Combining this information with the molecular mapping of the genomes of both the patient and the cancer cell may reveal biomarkers, or the characteristics in the genome which will enable medical professionals to choose a personalised treatment for each patient’s cancer.
“In 2017, we discovered several biomarkers which help us predict what kinds of treatments we should use,” Porkka explains.
One significant discovery relates to BCL2 antagonists, proteins which can induce programmed cell death in the cancer cells of a patient group with a specific set of genetic characteristics. Another has to do with the cortisone medication used in autoimmune diseases, which seems to be highly effective in treating a certain type of acute leukaemia.
To support the research in blood cancers, the University last year established the professorship in translational haematology, which is held by Satu Mustjoki.
According to Mustjoki, the biggest achievement of her research group during the last year was the discovery of the genetic mutations found to underlie LGL and T cell leukaemias, increasing the understanding of the generation mechanisms of these diseases. New potential treatments have also been uncovered for these cancers, which are difficult to treat.
During the new year, Mustjoki’s group intends to learn to understand the immunological characteristics of various cancers.
“We want to find out why the immune system cannot destroy the cancer cells, and how we could make it more effective.”
3. Personalised cancer drug treatment on the horizon
At the moment, the use of genetic information in selecting cancer treatments is still in the research stage, with only a few biomarkers being actively used.
“Fully personalised treatment is still a thing of the future, but not too distant a future,” says Professor Porkka.
This is also the goal of 2017 Helsinki Challenge-winner iCombine, a team seeking to develop an AI solution combining nearly a decade of genetic and drug susceptibility data and providing personalised medication suggestions for cancer patients based on genetic information.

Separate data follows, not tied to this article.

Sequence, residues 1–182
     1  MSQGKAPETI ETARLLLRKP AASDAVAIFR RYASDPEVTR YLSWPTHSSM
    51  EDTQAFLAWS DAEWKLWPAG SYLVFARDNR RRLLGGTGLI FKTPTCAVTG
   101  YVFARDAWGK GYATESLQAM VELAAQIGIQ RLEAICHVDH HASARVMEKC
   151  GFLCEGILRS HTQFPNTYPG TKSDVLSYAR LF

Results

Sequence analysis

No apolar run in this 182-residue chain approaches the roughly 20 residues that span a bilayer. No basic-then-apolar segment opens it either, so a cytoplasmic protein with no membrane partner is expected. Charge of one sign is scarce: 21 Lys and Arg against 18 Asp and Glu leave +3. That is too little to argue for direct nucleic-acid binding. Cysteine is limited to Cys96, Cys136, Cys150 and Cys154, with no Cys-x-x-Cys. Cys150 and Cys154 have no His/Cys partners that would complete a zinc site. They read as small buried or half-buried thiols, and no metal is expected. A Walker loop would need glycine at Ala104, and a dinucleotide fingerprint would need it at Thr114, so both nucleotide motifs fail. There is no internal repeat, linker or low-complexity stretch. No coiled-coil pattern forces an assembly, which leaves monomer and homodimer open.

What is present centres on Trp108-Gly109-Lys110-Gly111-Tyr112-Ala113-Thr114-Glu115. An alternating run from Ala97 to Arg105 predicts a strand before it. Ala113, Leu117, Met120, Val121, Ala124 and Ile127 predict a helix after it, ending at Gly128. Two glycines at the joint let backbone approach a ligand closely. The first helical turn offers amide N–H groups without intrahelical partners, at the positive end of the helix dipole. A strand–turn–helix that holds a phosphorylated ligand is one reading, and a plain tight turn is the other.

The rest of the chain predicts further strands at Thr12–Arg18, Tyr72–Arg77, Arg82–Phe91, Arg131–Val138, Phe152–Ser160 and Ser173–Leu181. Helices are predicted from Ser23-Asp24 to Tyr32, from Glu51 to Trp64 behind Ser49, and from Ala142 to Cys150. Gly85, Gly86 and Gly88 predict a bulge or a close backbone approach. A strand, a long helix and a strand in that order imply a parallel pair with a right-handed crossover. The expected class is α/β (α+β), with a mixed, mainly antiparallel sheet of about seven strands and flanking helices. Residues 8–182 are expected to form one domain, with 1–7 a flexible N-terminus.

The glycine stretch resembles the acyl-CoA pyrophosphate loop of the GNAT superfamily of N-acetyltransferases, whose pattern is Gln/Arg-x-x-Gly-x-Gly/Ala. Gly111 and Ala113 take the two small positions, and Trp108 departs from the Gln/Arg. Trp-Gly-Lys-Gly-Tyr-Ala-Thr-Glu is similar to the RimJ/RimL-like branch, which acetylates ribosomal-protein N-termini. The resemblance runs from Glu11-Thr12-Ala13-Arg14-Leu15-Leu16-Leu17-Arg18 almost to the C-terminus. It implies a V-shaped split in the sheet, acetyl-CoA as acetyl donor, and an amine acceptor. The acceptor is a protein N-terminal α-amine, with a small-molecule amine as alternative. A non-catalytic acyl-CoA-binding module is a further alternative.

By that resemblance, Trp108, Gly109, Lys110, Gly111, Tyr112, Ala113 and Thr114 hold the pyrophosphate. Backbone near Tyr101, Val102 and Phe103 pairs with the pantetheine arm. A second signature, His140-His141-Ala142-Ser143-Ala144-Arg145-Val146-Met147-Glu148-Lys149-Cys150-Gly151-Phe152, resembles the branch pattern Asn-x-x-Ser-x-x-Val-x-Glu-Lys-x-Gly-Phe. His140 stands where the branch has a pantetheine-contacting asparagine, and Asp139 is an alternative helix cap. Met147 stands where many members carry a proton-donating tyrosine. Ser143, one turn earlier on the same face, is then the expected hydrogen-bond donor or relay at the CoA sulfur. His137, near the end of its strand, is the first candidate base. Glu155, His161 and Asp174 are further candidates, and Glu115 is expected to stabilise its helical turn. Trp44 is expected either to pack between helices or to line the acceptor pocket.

In addition to combining huge amounts of information, another hurdle on the way from the laboratory to the clinic is that even new uses for existing, tested medications require an approval process of couple of years.
However, that is a brief amount of time compared to the average development process of new drugs, which can be 15 years.
4. Clinical testing of cancer drugs to be adopted faster
Launched in 2017, the TEHO project for adaptive clinical trial design aims to promote the clinical testing of cancer drugs. The project seeks to develop an operational model that would enable trials with a significantly smaller number of patients and lower costs than is required for traditional trials.
In addition, using a model that employs molecular biology and genetics to select patients for the trial would speed up the journey of a drug candidate to clinical use and reduce the exposure of individual patients to ineffective doses in the course of trials.
The project is led by Docent Juha Klefström of the University of Helsinki. Klefström’s research project cultivates breast cancer samples and conducts drug testing on them in the laboratory. In addition to new drug candidates, new combinations of existing drugs are also tested on the samples.
For more information on this research and its achievements, read the article Killing cancer.